A couple of months ago someone tagged us into a Twitter query: what is the origin of the name of a pub called The Man Within Compass? After weeks of digging around, we think we’ve sussed it.
The Man Within Compass is a famous real ale pub in Whitwick, near Coalville, in Leicestershire, and has been in numerous editions of the CAMRA Good Beer Guide over the years.
Its name is apparently unique and certainly mysterious – none of the standard references seem to even offer a suggestion. There’s no joy to be had from local history websites, either.
So, we went through our usual research routines:
1. Search the exact phrase using quotes (“man within compass”) to see if it appears in old books, newspapers or the Bible. All the references we found were to the pub itself, or seemed unlikely to be connected, e.g. John Locke uses those words in that order but there’s no obvious link.
2. Search variations on the phrase: “manwithin compass” and “man withen compass” (between unorthodox spelling and dodgy OCR, this can sometimes turn up results); “manwidden compass” (pub names are often mangled versions of place or personal names); and “men within compass”.
3. Look for partial matches: “man within”, “within compass”, “man * compass”, and so on.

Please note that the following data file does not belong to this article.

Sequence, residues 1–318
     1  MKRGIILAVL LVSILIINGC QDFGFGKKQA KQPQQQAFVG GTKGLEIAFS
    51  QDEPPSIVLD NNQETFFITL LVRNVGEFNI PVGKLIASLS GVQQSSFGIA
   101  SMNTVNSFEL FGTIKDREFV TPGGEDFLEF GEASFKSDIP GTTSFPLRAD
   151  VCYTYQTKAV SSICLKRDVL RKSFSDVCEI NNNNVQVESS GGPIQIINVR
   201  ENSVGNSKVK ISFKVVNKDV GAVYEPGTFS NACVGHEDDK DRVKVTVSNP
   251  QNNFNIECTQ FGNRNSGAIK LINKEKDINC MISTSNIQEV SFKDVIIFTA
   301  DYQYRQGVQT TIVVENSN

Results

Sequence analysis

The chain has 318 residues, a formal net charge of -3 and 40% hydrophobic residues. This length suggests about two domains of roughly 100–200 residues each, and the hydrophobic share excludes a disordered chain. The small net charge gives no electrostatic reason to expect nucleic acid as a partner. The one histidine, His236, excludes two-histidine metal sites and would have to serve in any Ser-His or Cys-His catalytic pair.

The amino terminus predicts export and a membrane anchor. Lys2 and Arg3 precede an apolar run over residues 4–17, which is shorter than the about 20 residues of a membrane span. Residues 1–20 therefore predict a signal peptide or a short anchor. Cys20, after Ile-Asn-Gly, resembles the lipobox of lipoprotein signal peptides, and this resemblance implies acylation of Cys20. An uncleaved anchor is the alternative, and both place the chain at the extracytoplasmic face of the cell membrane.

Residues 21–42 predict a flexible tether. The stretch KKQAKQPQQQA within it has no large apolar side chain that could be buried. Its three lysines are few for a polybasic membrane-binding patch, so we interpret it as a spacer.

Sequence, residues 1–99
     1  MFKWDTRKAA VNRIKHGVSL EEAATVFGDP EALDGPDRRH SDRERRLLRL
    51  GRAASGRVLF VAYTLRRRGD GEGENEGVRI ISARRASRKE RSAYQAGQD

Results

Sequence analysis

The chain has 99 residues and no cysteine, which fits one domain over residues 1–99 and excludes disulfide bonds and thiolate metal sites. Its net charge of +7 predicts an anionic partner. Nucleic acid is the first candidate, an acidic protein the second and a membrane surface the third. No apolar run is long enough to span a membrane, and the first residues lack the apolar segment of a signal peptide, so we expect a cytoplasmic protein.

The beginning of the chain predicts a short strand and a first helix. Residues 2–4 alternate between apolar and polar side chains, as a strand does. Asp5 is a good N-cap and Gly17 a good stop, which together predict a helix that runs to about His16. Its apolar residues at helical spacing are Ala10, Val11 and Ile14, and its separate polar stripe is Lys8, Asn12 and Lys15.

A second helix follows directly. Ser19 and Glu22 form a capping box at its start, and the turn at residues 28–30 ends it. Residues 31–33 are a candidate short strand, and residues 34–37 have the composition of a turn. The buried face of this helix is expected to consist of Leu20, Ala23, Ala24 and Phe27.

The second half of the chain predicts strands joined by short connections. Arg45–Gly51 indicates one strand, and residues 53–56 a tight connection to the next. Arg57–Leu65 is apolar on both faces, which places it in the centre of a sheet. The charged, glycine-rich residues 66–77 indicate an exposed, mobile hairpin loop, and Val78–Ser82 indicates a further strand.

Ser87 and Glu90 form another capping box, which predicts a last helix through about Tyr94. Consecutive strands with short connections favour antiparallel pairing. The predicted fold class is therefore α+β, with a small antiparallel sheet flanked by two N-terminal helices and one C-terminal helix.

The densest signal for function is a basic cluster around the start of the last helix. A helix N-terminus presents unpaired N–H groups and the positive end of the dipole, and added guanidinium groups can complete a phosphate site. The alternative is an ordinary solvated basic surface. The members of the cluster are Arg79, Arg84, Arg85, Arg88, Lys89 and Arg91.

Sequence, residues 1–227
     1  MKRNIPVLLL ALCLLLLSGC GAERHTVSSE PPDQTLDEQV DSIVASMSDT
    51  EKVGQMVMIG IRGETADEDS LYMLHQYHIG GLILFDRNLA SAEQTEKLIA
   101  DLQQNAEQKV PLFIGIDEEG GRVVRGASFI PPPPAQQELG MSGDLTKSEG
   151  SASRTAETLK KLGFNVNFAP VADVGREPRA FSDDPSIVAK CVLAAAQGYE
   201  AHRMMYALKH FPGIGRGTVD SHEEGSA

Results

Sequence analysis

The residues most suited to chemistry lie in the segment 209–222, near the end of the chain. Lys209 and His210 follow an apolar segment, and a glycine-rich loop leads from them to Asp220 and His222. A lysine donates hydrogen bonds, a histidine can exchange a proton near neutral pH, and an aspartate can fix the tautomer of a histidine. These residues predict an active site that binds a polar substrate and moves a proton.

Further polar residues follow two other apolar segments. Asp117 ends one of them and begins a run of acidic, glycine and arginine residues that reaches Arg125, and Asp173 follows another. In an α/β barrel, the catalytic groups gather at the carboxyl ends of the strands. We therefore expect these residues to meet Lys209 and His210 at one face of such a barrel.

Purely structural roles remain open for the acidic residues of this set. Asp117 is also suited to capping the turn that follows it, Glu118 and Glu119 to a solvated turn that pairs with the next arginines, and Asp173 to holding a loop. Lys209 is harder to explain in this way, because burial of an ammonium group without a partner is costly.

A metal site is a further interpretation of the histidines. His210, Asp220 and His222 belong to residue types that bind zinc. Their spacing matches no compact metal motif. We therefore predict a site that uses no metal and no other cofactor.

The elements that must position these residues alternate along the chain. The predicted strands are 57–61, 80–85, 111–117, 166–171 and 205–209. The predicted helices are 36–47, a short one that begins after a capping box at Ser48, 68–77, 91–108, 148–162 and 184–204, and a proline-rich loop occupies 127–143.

It was “within compass” that unlocked it, specifically leading us to the following mass-produced print from c.1820 at the British Museum website.
Via Twitter, we’ve been asked to provide more information on plans by the European Common Market in 1973 to “harmonise European brewing methods”, as mentioned in Fintan O’Toole’s book Heroic Failure: Brexit and the Politics of Pain.
Mr O’Toole quotes from a story in the Daily Mirror (25/06/1973) headlined EUROBEER MENACE:
A Common Market threat to British beer united labour and Tory MPs yesterday. The threat came in reports of a plan by Market authorities to ‘harmonise’ brewing methods in member countries.
Mr. William Wilson, teetotal Labour MP for South Coventry, and Tory Sir Gerald Nabarro both plan to raise the issue with Food Minister Joseph Godber “in the interests of the beer drinkers of Britain.”
Sir Gerald said: “This would be a disaster. Our beer is world famous for its strength, nutritional value and excellence.”
It’s not hard to work out what people thought harmonisation might mean: mild and bitter banned, German-style lager everywhere, by order of Brussels.